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Examiner
  • Frank Haight: Glass collectors ready to show off their wares

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  • Dolores Kuhnert never imagined a 12-piece place setting of Manhattan dishes her grandmother gave her more than 50 years ago would lead to an addiction that has brought her exceeding joy and happiness.
    Sitting in the living room of her Independence home with four other members of the Heart of America Glass Collectors Inc., Dolores says the dinnerware was displayed in a lighted cabinet for years. But to her, the place settings were just “Grandma’s dishes.”
    It wasn’t until years later, she says, that her interest in those dishes spiked while attending a Heart of America Glass Collectors show in Independence. There, she spotted a piece of her Manhattan dinnerware, manufactured by the Anchor Hocking Glass Co.
    “I’ve got a bunch of that,” she thought of her discovery. Minutes later, she learned the pattern name from a dealer, who, after answering all her questions, sold her a Manhattan pattern book. With book in hand, she decided it would be fun to collect the rest of the pieces to the set. Today, she has some 800 pieces.
    On Friday and Saturday, March 21 and 22, Dolores and her husband, Dewayne, will join other addicts and visitors at HOAGC’s spring Depression Era Glass and Pottery Show and Sale at the Roger T. Sermon Community Center at Truman and Noland roads in Independence. Admission is $4 for both days.
    A dozen dealers from across the country will be showing and selling their wares from 3 to 7 p.m. Friday and from 9 a.m. to 3 p.m. Saturday. Among the glassware are Depression, Elegant, Cambridge, Carnival, Fenton, Fostoria, Heisey, Imperial, Tiffin, Pattern, Fiesta, Franciscan and Hall, of as well as pottery.
    With each dealer allowed up to six display tables in the Sermon Center gymnasium, there will be “thousands and thousands of pieces of glassware,” Dolores says, noting Heart of America members won’t be showing their collections because of space limitations. Twelve is the maximum number of tables the Sermon Center can accommodate, she says.
    What show chairman Mark Evans likes best about the show, he says, is the “overall experience and lasting memories from times past.”
    “To me, it brings back memories of Thanksgiving dinner,” says Mark, who has been a collector 13 years. “I think it is fascinating to see the various different table pieces that you can have, like 12 stem glasses at a single setting. It’s fascinating to see all that put together, and when you see it all in one cohesive table setting, it is breathtaking in my mind.”
    As for Depression glass – a clear and colored translucent glassware distributed free in the United States and Canada during the Great Depression – all pieces had a purpose, Dolores notes.
    Page 2 of 2 - “Like today, we have a lot of vases that we use for decorations. But everything made back then had a definite purpose. And when you finally realize what the purpose is, it’s like, ‘Oh, my gosh! They had something for that.’”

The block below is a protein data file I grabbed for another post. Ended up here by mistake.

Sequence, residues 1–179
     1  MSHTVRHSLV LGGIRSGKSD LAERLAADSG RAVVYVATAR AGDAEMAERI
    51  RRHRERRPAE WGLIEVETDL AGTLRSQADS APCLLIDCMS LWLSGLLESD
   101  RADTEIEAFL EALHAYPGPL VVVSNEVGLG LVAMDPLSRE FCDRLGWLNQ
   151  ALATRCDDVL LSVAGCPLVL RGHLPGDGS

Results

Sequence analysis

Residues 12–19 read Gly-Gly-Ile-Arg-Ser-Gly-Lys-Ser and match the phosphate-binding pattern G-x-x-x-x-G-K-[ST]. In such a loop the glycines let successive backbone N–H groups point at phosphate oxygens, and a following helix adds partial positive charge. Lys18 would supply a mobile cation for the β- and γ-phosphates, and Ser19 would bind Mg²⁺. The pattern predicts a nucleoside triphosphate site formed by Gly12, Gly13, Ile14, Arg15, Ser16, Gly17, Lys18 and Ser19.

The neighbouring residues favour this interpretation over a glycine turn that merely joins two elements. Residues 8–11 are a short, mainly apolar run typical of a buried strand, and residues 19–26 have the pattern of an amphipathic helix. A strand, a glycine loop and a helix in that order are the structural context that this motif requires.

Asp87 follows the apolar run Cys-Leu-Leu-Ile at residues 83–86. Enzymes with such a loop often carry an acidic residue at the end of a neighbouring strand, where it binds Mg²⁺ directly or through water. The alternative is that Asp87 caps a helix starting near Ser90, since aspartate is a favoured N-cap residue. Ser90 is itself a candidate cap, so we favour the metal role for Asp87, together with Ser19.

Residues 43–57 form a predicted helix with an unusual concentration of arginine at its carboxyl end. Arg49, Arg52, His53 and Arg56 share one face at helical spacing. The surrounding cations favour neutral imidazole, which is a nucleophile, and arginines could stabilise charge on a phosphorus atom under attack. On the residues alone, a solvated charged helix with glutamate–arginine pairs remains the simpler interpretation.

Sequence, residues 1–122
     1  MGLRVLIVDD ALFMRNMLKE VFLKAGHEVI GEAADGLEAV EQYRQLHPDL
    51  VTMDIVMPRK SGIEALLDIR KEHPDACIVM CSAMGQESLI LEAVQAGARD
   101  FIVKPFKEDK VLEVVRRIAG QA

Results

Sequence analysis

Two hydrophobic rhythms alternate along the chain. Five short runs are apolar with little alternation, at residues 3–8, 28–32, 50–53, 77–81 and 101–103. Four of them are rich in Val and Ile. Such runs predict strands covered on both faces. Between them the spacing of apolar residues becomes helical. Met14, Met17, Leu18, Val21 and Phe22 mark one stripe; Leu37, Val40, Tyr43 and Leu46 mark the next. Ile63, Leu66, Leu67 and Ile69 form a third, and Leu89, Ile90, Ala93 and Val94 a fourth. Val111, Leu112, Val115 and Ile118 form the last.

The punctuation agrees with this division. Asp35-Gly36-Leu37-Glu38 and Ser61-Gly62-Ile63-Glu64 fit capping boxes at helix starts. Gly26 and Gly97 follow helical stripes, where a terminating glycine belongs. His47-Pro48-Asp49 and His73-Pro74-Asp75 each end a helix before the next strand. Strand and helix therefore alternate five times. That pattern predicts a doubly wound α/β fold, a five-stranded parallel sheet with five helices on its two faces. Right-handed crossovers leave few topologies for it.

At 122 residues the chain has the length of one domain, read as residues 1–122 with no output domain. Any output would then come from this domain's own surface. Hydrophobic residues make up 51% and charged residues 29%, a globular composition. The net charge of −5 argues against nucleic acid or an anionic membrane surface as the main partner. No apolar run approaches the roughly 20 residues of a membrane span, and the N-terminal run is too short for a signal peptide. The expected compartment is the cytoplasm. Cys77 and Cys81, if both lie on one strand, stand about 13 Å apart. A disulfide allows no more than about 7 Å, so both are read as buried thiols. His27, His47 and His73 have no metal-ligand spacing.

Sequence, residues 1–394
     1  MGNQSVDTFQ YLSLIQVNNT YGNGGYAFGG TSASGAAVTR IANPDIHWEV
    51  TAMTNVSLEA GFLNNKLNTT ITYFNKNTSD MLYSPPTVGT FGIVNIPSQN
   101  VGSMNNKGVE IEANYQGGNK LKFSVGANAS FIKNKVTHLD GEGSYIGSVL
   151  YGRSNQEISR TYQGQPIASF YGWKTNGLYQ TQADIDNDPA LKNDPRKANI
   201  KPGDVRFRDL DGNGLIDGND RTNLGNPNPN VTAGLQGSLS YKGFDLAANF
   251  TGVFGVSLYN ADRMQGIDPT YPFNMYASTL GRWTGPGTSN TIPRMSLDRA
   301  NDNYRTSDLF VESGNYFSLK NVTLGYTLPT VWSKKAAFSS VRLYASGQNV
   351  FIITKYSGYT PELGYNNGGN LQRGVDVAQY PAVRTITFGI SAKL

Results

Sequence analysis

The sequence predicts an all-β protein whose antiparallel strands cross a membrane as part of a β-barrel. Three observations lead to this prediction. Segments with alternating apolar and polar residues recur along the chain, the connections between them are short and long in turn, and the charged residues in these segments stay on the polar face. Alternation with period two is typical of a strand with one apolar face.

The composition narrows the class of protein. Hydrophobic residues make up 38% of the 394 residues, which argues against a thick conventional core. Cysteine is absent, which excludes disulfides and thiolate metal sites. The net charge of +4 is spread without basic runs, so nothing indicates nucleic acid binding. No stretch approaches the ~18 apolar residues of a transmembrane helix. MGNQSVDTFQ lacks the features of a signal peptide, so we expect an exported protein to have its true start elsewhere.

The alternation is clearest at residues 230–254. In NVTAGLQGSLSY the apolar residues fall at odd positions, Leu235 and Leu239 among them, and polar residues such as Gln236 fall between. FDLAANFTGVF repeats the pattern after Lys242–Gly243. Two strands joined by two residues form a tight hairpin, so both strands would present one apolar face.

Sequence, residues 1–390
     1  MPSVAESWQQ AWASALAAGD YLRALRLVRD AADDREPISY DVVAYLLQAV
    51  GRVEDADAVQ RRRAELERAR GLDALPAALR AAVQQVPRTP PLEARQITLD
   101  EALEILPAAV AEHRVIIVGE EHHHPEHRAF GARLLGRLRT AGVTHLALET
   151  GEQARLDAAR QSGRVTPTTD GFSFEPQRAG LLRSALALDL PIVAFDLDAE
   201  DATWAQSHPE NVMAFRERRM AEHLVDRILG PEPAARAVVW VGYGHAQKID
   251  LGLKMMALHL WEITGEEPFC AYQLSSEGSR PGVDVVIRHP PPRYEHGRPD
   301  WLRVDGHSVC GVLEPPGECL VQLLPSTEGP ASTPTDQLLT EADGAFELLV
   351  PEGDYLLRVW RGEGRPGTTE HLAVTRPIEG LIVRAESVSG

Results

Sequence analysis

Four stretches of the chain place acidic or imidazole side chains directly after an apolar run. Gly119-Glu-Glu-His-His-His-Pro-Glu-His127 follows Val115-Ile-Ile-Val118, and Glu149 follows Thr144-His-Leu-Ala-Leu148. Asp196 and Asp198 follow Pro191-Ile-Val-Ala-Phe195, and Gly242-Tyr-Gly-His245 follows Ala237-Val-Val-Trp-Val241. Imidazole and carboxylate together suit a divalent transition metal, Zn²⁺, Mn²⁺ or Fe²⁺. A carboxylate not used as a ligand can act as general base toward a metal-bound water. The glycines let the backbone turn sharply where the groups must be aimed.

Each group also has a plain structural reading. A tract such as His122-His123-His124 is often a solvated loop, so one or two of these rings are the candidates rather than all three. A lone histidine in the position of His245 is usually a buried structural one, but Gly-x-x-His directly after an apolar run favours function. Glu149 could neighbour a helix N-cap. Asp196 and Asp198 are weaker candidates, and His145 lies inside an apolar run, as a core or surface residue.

As an example, “They made match holders for long, wooden matches out of glass,” she notes, adding toothpick holders, sugar cube holders, cigarette holders, and flower pots in dinnerware patterns were also produced.
    And what seemed strange to club President Tony Patterson when he became a collector some 13 years ago was there were different bowls for different kinds of soups.
    “Cream soup had a different bowl (from) a broth-based soup,” he says, adding: “Just the fact that you have two different types of soup bowls seemed odd to me .”
    Why attend the two-day show?
    Dolores believes it’s the beauty of the glass, explaining the sunlight shining through the large windows reflects off the sparkling glassware, bringing back memories of (seeing) such stunning beauty.
    The show, Tony believes, is “a great place to look for pieces to complete a set. But even for noncollectors, there are some really amazing pieces that you can decorate with.”
    Club member Jim Harris says the show has extremely knowledgeable dealers who are good resources, noting that many make their living collecting and selling glass.
    “They know glass and they can help anybody that comes in with questions about glass.”
    Between 300 to 400 visitors are expected to attend the show, which made its Independence debut in 1984 at the now-defunct Howard Johnson’s motor lodge on Noland Road. Before moving to the Sermon Center, shows were presented at the old Jackson County 4-H Club building on Frontage Road, just west of Missouri 291.
    In the spring of 1977, a dozen people interested in glassware organized Heart of America Glass Collectors Inc. for the purpose of sharing knowledge and information about American-made glassware manufactured during the Depression era.
    The newly formed club wasted little time making itself known in the community. It hosted the National Depression Glass Convention in Kansas City in 1978. Then in 1994, HOAGC hosted a national show in Topeka, Kan., and another show in 2002 at John Knox Village in Lee’s Summit.
    The club meets at 7 p.m. on the fourth Tuesday of each month at the Community of Christ church, 801 SW 19th St., Blue Springs. For more information about HOAGC, visit www.HOAGC.org.
    Retired community news reporter Frank Haight Jr. writes this column for The Examiner. You can leave a message for him at 816-350-6363.

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